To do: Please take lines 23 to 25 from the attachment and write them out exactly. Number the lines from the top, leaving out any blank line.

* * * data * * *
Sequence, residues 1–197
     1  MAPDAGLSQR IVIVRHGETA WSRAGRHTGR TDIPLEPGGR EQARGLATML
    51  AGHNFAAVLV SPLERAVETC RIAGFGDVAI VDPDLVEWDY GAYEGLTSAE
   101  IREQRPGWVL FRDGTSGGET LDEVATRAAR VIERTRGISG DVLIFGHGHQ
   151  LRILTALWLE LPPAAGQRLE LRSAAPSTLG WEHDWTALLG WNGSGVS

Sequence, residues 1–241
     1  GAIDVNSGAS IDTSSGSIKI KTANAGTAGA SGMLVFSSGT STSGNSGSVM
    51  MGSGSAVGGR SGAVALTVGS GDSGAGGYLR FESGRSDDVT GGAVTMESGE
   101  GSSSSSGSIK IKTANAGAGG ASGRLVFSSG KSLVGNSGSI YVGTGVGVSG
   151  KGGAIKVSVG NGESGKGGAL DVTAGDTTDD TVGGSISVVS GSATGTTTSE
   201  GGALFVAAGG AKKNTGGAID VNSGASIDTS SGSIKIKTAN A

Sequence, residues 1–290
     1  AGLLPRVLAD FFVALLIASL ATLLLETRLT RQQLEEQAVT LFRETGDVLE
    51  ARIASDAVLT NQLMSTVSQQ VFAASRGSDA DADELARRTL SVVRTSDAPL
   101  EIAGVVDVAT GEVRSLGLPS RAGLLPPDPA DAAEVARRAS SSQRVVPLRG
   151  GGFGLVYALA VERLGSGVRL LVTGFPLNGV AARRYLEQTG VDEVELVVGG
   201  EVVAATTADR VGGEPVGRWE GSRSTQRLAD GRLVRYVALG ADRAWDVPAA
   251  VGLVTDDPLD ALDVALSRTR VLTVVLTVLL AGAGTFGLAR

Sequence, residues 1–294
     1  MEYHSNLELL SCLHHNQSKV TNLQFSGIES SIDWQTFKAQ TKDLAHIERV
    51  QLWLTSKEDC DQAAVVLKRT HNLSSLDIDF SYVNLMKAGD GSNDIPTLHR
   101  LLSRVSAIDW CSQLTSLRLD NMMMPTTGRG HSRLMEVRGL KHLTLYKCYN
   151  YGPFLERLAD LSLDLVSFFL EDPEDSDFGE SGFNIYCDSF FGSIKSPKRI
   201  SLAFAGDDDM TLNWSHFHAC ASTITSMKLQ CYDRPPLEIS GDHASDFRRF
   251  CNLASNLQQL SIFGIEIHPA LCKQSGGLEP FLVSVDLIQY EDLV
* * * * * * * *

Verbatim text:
   151  YGPFLERLAD LSLDLVSFFL EDPEDSDFGE SGFNIYCDSF FGSIKSPKRI
   201  SLAFAGDDDM TLNWSHFHAC ASTITSMKLQ CYDRPPLEIS GDHASDFRRF
   251  CNLASNLQQL SIFGIEIHPA LCKQSGGLEP FLVSVDLIQY EDLV